Dirty Rotten Scoundrels (1988), directed by Frank Oz
The best con man comedy (and the most entertaining con man movie) is Frank Oz’s Dirty Rotten Scoundrels. Steve Martin and Michael Caine are dueling cheats. Caine is an Englishman entrenched in a French Riviera town defending his territory from the boorish American short-con operator Martin. The pair battle over who can trick an heiress out her money, with the winner keeping the fertile territory. The film shines in all the small moments of conflict, without ever deviating from its farcical tone.
The Spanish Prisoner (1997), directed by David Mamet
House of Games (1987), directed by David Mamet
The Spanish Prisoner allows Martin to invert his earlier performance. Here he is an icy, rich con artist, playing chess with people, and he’s always a dozen moves ahead. The film is about the heist of an undefined mathematical equation, and the equation itself is something of a con.
The earlier House of Games is more visually interesting, lit like film noir and with groups of characters sliding in and out of shadows. Mamet wrote House of Games with Jonathan Katz (a.k.a. Dr. Katz), and it starred Lindsay Crouse and Joe Mantegna. It’s an instructional con man film, with Mantegna walking Crouse through short and long cons, all while cheating her. Crouse’s performance, as well as her styling, is as severe and clipped as the script. She is a thrill-seeking tourist, in some ways more dangerous than real-life criminals who know the rules. House of Games features magician turned actor Ricky Jay in his first role, and his erudite tone has become a hallmark of not only Mamet, but also the con man genre. When directors cast Jay in a minor role, they are conscious of his association with this type of film.
The Grifters (1990), directed by Stephen Frears
The Grifters has a literary background, with a script by novelist Donald Westlake. He wrote the Parker novels, which spawned the movies Point Blank, Payback, and The Outfit. Westlake’s aesthetic is spare and propulsive. The Grifters script was based on a novel by Jim Thompson, who cowrote The Killing for Stanley Kubrick and wrote the novels upon which The Getaway and The Killer Inside Me were based.
Stephen Frears was coming off Dangerous Liaisons and the minor English gangster classic The Hit. John Cusack plays Roy Dillon, a small-time con man, who spends most of his time screwing bartenders out of loose change. His mother, Lilly, played by Anjelica Huston, runs track scams for a local syndicate, skimming off the top from what she turns over to her bosses. Frears and Westlake investigate the anxiety of the con lifestyle. It’s temporary and fleeting. The survival instincts of both mother and son are almost primal. Huston, with her sneer and bleached, teased hair, looks like an alien in her own body. The story puts Lilly and Roy’s girlfriend on a collision course, leaving them to try to kill one another in a shitty motel room. Frears, no fool, sees a pair of blondes with a car full of money trying to stay alive in a motel and alludes to Psycho and Touch of Evil, and then twists it into an Oedipal nightmare of a finale that would make the Bates family blush. If only all the other films were this mean.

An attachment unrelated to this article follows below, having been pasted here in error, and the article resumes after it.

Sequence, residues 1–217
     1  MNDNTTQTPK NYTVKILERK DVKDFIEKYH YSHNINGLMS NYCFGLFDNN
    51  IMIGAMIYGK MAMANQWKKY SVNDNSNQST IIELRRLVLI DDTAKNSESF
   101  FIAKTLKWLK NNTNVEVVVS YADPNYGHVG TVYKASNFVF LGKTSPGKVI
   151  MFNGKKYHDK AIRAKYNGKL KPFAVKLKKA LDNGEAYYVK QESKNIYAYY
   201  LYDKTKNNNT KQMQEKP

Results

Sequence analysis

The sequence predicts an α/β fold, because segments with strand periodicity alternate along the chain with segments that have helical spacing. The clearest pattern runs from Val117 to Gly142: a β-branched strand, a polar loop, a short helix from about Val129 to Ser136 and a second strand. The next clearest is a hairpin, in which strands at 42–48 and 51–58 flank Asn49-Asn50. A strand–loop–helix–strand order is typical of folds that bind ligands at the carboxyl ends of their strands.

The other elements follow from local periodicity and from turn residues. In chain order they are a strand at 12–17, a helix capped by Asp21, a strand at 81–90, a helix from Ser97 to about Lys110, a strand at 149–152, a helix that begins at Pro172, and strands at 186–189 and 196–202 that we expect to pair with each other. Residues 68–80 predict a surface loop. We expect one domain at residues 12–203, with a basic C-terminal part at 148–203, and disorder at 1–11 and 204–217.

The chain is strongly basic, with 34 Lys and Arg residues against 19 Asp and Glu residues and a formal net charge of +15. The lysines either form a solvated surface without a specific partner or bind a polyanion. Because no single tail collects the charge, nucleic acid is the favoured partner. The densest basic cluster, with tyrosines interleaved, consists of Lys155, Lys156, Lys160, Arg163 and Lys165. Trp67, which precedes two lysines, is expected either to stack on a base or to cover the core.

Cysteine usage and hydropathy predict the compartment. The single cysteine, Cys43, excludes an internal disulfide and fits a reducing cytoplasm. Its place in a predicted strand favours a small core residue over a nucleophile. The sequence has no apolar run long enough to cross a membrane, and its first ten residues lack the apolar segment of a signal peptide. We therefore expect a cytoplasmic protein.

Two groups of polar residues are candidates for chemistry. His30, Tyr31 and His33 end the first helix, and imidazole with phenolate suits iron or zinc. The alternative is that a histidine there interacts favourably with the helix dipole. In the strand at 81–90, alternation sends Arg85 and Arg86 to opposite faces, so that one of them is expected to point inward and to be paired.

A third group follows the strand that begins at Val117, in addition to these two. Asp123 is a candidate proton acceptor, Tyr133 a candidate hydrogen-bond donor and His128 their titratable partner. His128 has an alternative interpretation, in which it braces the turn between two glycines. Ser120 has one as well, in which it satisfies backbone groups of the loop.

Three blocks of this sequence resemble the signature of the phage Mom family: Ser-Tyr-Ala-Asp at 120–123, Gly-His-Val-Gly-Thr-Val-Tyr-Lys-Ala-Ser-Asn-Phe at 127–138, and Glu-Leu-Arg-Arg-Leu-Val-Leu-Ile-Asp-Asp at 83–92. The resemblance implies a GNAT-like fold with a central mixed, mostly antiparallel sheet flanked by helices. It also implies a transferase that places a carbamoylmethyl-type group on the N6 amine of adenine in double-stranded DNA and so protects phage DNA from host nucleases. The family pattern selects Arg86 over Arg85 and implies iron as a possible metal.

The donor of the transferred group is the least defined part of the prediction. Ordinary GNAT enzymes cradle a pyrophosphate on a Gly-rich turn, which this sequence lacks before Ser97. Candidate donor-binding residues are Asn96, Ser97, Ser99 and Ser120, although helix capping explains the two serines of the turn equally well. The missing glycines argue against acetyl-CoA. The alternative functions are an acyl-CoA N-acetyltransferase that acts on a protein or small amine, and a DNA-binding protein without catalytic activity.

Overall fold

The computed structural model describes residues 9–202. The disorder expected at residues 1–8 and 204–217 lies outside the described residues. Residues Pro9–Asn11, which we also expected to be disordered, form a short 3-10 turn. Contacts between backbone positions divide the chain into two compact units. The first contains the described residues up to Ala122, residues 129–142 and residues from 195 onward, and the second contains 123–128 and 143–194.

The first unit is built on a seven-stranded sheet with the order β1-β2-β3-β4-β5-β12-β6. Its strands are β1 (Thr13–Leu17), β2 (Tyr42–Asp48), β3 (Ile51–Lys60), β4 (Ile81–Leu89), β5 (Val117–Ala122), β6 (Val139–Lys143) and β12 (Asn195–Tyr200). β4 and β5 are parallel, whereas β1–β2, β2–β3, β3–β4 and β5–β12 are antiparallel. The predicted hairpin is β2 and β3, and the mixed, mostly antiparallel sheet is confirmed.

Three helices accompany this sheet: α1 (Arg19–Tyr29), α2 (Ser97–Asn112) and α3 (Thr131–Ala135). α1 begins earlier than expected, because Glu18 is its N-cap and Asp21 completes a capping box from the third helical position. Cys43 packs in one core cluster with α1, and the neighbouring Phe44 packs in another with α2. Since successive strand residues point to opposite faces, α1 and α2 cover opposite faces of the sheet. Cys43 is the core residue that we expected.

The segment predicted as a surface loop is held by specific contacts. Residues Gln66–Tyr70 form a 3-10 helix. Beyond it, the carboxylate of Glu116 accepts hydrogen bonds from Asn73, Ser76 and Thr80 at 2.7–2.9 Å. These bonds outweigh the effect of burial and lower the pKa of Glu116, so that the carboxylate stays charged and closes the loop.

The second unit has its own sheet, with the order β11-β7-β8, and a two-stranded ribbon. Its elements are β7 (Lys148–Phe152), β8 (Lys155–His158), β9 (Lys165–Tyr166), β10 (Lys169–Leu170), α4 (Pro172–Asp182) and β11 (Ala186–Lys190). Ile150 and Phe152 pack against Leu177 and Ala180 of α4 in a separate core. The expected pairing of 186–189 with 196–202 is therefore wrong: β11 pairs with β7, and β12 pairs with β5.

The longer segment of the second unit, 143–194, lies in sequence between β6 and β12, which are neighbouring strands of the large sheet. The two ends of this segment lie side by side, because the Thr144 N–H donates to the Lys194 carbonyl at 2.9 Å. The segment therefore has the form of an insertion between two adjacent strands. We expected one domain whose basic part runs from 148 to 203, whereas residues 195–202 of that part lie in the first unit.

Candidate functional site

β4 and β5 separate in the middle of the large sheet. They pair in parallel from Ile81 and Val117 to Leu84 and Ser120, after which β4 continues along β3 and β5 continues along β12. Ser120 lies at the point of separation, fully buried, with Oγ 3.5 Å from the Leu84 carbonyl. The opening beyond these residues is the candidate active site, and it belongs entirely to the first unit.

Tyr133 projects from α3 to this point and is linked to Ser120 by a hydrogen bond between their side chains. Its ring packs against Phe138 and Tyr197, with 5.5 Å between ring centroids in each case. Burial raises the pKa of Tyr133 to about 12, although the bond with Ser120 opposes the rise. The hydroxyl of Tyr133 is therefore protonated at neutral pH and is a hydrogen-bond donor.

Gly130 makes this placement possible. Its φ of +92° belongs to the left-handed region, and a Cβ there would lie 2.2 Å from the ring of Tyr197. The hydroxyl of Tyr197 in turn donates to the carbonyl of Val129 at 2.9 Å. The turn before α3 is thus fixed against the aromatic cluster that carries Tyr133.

The Talented Mr. Ripley (1999), directed by Anthony Minghella
Anthony Minghella’s adaptation of the Patricia Highsmith novel is a highly sophisticated take on potboiler material. In Minghella’s version, Tom Ripley is not another opportunistic con artist, but a man struggling to define his personality by ingratiating himself to others. He’s a “quick study,” a master manipulator. Matt Damon portraying Ripley as being present only when others are present underscores Minghella’s reading of the character as a metaphor for life in the closet, whereas other films that take on similar subjects automatically link homosexuality with violence (The Hitcher, A Nightmare on Elm Street 2: Freddy’s Revenge). The movie terrifies you not for Tom, but for the people around him, who go missing whenever he gets pushed into a corner or noticed. The final act — Gwyneth Paltrow’s dissolution into tears as Damon dresses her down, the chill that drops down your spine when Cate Blanchett recognizes him, inadvertently killing his new boyfriend — is astonishing. Among con man movies, only The Grifters and Ripley address this central truth: We tell lies to survive more than anything else.
Sean Witzke (@switzke) is a writer and cohost of the Travis Bickle on the Riviera movie podcast.